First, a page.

CBP Completes Upgrade of Aerostat Surveillance System

Washington - U.S. Customs and Border Protection, Office of Air and Marine, recently announced full operations of eight helium-filled balloon surveillance systems, which will provide radar coverage of the U.S. / Mexico border, south Florida and Puerto Rico areas.

“CBP’s restoration of this program to full operation for the first time in three years reinforces our commitment to provide continuous, persistent surveillance to those border areas most in need, both through air and maritime detection,” said General Randolph D. Alles, Assistant Commissioner of OAM.

The Tethered Aerostat Radar System or TARS, uses helium for deployment to heights as high as 10,000 to 12,000 feet. This allows long-range radars to overcome line-of-sight constraints caused by the curvature of the earth and other terrain limitations. The aerostats are tethered to a winch system on the ground and are lowered when not in use.

These powerful surveillance tools are used by CBP’s Air and Marine Operations Center to provide border monitoring and enforcement of low-level aircraft and small vessels approaching the border. TARS have proven to be important and cost effective tools in thwarting illegal drug and human smuggling since they were first deployed in the U.S. more than 30 years ago.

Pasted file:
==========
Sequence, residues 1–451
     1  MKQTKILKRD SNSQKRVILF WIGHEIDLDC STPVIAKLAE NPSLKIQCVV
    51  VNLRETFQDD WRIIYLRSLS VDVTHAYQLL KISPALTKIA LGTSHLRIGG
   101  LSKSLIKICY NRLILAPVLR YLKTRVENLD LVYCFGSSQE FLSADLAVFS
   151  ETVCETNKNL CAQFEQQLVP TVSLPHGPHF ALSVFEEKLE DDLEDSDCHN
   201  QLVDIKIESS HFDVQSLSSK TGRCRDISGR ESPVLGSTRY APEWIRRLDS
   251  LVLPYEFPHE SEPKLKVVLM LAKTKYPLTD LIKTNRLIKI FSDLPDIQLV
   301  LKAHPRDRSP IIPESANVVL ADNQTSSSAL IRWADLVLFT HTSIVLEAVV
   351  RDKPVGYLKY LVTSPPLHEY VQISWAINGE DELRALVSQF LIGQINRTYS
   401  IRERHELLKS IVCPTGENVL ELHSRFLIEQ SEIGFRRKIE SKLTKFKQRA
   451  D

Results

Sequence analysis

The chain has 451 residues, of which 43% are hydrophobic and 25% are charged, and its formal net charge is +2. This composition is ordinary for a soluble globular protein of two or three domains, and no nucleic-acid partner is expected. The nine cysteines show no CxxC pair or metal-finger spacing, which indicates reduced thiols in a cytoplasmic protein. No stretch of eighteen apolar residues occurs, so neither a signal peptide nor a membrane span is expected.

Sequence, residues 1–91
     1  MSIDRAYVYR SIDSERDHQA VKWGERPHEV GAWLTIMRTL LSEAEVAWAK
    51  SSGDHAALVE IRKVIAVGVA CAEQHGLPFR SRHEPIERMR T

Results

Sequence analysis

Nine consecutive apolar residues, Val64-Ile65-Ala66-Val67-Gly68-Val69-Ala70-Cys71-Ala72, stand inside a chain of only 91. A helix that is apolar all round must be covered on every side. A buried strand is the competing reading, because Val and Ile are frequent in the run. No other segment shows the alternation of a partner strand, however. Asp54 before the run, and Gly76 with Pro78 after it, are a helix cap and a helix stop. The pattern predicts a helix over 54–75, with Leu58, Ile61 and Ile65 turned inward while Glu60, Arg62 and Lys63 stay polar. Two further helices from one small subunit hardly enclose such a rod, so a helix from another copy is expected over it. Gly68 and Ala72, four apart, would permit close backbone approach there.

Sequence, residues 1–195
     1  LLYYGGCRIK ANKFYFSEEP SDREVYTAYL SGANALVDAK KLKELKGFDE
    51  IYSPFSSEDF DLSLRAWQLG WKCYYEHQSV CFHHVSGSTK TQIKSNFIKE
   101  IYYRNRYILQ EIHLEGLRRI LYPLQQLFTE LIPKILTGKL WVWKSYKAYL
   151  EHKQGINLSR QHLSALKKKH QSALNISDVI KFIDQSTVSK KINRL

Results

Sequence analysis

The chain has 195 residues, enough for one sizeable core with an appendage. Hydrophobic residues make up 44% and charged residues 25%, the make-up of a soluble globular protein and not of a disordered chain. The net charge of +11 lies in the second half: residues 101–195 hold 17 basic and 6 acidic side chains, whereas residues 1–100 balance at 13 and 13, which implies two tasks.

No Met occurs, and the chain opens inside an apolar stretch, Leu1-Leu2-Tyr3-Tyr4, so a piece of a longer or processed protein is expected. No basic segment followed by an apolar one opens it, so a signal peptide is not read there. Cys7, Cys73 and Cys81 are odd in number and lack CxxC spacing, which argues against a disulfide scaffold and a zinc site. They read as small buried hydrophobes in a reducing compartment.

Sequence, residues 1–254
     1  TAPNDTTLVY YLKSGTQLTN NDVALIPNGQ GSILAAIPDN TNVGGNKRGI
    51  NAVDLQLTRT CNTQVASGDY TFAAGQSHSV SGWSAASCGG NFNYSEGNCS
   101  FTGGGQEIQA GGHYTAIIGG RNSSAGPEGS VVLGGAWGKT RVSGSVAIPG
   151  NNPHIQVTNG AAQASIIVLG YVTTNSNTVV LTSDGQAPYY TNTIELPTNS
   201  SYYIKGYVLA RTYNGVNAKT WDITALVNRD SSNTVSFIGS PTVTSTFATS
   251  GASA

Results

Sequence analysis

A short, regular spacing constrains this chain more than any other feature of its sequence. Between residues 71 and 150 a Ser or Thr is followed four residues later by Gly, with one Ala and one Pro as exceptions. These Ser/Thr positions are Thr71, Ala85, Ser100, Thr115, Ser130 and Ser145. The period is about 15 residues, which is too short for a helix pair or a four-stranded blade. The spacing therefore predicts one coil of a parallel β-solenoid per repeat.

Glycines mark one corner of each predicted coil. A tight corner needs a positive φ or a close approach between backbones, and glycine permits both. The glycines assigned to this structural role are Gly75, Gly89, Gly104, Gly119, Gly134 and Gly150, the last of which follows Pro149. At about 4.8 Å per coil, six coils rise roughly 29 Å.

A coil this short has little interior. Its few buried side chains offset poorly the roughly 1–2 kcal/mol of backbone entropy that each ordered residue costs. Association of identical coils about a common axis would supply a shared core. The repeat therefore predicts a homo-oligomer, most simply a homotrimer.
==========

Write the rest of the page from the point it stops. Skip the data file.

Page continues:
The former U.S. Customs Service began the aerostat program in 1978 and the U.S. Air Force expanded it in the 1980s to provide monitoring capabilities to several federal agencies. In 2013, CBP assumed responsibility for the operation and maintenance of the systems.

CBP’s aerostat radar system sites are:

  • Yuma, Arizona;

  • Ft. Huachuca, Arizona;

  • Deming, New Mexico;

  • Marfa, Texas;

  • Eagle Pass, Texas;

  • Rio Grande City, Texas;

  • Cudjoe Key, Florida;

  • Lajas, Puerto Rico.

Full operation of the Marfa, Texas, TARS site – the last of eight stations – was achieved Sept. 24, under the guidance of CBP’s Office of Technology Innovation and Acquisition.